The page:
The recent influx of electronic media into the traditional humanities curriculum has provided a plethora of new opportunities of "making knowledge" in the way we teach, the way we publish and share our ideas, and the way we perform "service" to the academy at large. I expect to have some opportunity to discuss these opportunities, and how they differ from the traditional ones, in the other two questions I will answer this week; of course, I will also be happy to discuss them face to face.
Answer Deery/Zappen | Answer Porush
Exam Questions | Introduction
However, for the purposes of this response, I am going to posit this "plethora" as true; as the question states, questions are being raised about how to value such work in the academy, so I believe I am safe within assuming that the work is at least viewed as somehow different. If the work is, in fact, "different," then perhaps the old standards of evaluation do not apply; this is a slippery slope away from recognition for the tenure- track "technorhetorician" (the term is Eric Crump's), however. If we cannot slot our work into the traditional valuation standards, there is some likelihood that it will simply not be valued at all. (This point is discussed at length in the Spring 1997 _Kairos_ Coverweb, various authors, forthcoming.)
Therefore, I think it is vital that we re-imagine tenure/promotion (T/P) documents as documents for rhetorical invention. By "rhetorical invention," I am referring to the process of creating knowledge through argument (in the classical sense of the word); rhetorical invention is, as LeFevre points out in _Invention as a Social Act_, a collaborative effort engaging the knowledge of a discourse community in new ways. It is precisely this definition that not only allows, but requires, we treat T/P documents as inventional.
Most department-level T/P documents -- I have looked at about 30 -- are in the habit of *weighting* the expectations the community (the department, I suppose also representative of academia as a whole) presents to the prospective member. For instance, the documents at Bradley University and Kent State University both explicitly state that, while all three are necessary, excellence in teaching is valued moreso than consistent publication, which in turn is weighted moreso than that most nebulous of requirements "service to the academy." Since these expectations are weighted, it is critical that technorhetoricians be able to explain and defend what they are doing in terms of these labels.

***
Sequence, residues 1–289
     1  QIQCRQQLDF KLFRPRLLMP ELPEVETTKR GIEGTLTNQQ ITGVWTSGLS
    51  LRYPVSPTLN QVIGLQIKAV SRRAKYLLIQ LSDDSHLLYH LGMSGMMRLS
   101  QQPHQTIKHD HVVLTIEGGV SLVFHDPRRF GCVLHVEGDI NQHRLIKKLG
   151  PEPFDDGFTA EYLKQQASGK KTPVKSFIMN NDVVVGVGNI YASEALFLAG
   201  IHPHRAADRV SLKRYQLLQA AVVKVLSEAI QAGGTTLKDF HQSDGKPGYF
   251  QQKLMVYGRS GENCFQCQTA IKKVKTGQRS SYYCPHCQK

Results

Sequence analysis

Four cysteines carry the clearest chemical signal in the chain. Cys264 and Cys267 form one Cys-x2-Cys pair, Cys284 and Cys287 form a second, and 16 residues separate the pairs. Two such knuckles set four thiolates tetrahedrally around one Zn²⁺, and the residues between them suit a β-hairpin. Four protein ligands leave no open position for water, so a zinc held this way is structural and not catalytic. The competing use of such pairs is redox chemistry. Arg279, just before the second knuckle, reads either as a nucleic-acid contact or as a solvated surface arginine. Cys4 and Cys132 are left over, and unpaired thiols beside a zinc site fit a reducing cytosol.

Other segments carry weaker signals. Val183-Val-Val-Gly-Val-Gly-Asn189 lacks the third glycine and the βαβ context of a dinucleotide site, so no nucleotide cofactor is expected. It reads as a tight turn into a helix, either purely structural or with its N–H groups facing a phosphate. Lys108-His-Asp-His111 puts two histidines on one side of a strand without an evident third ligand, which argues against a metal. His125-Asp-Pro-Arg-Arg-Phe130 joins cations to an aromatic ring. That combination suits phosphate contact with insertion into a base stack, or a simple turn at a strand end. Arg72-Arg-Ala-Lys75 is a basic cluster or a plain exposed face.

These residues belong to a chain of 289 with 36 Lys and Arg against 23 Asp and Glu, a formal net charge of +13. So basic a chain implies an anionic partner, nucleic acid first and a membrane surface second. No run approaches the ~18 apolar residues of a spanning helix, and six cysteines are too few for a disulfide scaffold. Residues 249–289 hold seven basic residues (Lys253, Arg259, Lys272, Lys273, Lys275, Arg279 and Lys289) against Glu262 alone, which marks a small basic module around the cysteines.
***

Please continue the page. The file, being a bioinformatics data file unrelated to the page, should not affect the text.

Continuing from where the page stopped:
The classic example of how this can be problematic is this: last year, three junior faculty members at different universities performed what is nominally the same task of electronic scholarship: building a "homepage" for the department on the World-Wide Web. One of these faculty was granted a course release in return for the work; another was told it was "department service"; the third was told to include it in the tenure dossier as a "non-refereed, invited publication." Similar disjointed approaches to "counting" electronic scholarship has been noted in, for instance, design and upkeep of a computer classroom (teaching? service?); leading a national MOO-based colloquium later archived and available on the WWW (presentation? publication? service?); and (ahem) editing a web-based academic journal which advertises itself as "peer-reviewed" but means something quite different than the standard print publication.
If technorhetoricians want to get traditional recognition leading to tenure and promotion (another debate entirely), then it is our responsibility to learn the language of the document representing our discourse communities (departments) and attempt to explain what we are doing *on the terms of those already in the discourse community.*
For this reason, I have found myself drawn to Porter's (1992) introduction of the "forum analysis" as a tool for analyzing and perhaps entering into a discourse community. The forum analysis was designed to provide a *heuristic* for prospective members of a discourse community. It borrows from Foucalt's previous "archaelogical analysis" in that it encourages a reader/author to approach a text as a set of discursive practices rather than as directed at some imagined "real reader" -- it is in this way that the forum analysis is different from more standard, traditional audience analyses. Engaging a forum analysis means examining a text to discover the terminology that is most rooted, seemingly most "solid" within the boundaries of the discourse community which the text represents. The prospective contributor to this community identifies and then questions the very foundations of the communal ethos as represented textually; Porter stands with Foucalt in believing that we cannot understand the future of a discourse community, or how we may be able to contribute to it, without first questioning and understanding its birth, past, predispositions and presumptions, and how that history intersects with the present and potential futures.